Researchers from Boston University and the University of Massachusetts Medical School recently made a significant advancement in what promises to be a viable competitor to third-generation sequencing technology. The team, led by Amit Meller, an associate professor at BU, demonstrated the first implementation of perforated silicon chips, or solid-state nanopores, as a reliable and accurate method for the identification of roughly 200 bases per second. Unlike previous nanopore-based sequencing methods that use an electrical signal readout, this new method employs an optical signal readout using high-speed digital camera technology.
The team converted target DNA to a binary code that is then identified by molecular beacons with two types of fluorophores. A series of photo bursts are then detected as the nanopores are used to sequentially strip off the beacons at a rapid rate. The optical imaging approach allows for a straightforward readout from a large amount of nanopores -simultaneously. "Our method permits very high capture rates of single, long DNA molecules into the nanopores at low sample concentrations," Meller says. "This directly drives throughput and allows for very small sample amounts, and we have proven that we can control those capture rates experimentally in our recent paper." Their work was recently published in Nano Letters.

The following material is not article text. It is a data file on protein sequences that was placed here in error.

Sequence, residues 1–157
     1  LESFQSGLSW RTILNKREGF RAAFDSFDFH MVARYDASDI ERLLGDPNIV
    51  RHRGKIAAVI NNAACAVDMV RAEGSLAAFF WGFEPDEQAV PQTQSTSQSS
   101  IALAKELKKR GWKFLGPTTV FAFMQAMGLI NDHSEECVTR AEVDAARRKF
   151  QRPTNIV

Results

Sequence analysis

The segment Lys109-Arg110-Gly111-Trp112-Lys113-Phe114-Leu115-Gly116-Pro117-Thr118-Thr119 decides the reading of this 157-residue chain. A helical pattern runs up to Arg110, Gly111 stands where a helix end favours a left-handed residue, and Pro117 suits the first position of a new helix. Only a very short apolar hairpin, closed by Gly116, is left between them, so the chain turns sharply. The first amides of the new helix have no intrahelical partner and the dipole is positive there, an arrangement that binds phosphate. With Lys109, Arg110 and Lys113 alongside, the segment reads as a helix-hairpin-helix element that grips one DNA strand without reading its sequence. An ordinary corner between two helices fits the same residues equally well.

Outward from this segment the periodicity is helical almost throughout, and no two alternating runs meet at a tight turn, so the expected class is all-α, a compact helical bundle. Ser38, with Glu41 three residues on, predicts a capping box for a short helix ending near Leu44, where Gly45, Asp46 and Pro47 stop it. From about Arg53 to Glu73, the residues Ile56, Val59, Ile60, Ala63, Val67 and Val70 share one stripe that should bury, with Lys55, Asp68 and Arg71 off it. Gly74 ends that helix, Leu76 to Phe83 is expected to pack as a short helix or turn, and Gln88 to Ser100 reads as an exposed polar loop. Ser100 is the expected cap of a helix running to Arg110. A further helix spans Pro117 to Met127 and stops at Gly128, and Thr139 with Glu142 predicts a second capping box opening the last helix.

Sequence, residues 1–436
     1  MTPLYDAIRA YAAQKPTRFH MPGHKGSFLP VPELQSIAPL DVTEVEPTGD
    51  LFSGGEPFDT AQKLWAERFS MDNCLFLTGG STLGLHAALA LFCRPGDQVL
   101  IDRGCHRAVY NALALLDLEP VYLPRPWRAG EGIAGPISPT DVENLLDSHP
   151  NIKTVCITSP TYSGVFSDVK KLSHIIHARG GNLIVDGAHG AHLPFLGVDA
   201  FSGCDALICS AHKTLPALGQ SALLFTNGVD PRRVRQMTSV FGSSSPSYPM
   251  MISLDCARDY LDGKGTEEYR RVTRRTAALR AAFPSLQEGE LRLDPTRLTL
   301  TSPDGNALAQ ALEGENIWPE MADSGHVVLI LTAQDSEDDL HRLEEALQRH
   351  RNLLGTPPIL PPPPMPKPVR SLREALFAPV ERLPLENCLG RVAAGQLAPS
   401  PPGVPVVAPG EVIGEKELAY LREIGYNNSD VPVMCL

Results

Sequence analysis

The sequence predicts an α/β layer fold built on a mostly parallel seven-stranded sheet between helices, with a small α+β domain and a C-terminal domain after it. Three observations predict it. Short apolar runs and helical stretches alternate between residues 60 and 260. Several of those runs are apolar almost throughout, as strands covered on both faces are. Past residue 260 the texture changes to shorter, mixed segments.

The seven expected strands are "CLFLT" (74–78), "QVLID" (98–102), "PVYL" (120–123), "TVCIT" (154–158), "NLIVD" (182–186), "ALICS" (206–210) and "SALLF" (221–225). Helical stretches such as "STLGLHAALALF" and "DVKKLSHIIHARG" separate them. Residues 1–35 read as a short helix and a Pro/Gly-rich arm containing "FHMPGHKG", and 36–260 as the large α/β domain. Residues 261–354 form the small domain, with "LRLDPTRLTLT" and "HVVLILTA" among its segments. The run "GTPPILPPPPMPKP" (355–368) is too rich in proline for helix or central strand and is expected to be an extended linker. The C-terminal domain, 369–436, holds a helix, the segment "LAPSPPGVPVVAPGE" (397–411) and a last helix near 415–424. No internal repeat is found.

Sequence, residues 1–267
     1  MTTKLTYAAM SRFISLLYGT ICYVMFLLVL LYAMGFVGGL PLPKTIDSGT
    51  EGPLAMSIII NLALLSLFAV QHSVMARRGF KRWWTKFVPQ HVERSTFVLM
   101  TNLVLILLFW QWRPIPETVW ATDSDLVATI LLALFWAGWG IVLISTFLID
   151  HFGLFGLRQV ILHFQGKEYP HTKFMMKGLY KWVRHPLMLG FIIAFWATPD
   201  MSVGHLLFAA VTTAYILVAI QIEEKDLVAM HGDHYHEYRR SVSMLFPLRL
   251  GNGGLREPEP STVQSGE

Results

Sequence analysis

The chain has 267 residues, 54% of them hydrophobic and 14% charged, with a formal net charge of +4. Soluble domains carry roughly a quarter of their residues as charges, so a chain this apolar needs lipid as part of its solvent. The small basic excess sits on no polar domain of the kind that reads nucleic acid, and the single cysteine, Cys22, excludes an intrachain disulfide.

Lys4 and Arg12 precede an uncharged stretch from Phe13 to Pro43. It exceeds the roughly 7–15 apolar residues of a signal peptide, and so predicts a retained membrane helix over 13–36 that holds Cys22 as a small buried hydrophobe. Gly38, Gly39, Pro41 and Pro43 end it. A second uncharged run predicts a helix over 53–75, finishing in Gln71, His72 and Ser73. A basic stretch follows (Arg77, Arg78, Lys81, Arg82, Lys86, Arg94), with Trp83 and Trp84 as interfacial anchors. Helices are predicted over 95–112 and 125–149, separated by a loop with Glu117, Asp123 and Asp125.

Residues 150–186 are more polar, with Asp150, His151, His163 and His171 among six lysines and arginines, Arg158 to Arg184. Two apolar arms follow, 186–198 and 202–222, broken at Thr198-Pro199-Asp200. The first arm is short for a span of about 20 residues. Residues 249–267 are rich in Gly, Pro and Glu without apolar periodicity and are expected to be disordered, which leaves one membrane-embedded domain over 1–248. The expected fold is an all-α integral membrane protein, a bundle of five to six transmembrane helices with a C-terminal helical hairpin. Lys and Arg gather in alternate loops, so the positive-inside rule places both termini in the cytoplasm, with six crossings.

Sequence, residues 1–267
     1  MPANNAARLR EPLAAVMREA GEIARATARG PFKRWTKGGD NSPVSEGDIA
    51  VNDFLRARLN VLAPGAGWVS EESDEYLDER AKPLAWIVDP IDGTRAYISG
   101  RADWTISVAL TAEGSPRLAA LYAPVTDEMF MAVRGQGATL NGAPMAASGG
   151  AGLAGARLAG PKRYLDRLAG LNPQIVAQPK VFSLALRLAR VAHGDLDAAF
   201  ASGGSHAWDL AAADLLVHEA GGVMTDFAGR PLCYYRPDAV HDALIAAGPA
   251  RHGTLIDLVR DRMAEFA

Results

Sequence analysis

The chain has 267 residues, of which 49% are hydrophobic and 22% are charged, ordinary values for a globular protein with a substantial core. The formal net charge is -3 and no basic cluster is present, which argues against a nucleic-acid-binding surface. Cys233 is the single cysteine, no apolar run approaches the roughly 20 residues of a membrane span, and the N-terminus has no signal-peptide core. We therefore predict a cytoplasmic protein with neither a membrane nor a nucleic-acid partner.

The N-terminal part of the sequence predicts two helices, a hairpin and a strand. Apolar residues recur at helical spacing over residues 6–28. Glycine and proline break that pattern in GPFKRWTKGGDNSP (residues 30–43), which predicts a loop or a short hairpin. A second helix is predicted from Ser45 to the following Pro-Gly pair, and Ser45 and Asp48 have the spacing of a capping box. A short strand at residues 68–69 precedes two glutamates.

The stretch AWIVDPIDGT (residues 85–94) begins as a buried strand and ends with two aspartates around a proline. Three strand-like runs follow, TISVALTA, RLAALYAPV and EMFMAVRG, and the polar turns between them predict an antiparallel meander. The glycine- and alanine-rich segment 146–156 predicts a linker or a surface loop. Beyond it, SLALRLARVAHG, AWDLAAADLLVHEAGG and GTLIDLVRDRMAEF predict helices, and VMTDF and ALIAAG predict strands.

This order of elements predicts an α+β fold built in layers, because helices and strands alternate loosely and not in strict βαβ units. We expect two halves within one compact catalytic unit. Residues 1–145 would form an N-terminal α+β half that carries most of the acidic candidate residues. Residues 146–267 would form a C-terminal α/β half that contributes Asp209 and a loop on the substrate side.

Meller and his colleagues say that nanopore sequencing technology will enable the realization of extremely high-throughput DNA sequencing, eventually allowing for rapid high-quality human genome sequencing. It will also afford researchers the ability to analyze extremely long DNA molecules for diagnostic purposes, when whole-genome resequencing isn't necessary.
"With these capabilities, scientists will be better equipped to perform genome-wide comparative studies of human diseases such as cancer, revealing the genetic variations associated with a specific cell's conditions," Meller says. "These types of pioneering studies, which have already begun to emerge using second-generation DNA sequencing methods, will become faster and more affordable. Moreover, the potential ability of nanopores to analyze extremely long DNA molecules will allow genomicists to explore long-range genomic rearrangements at the single genome level — a feat that is currently challenging."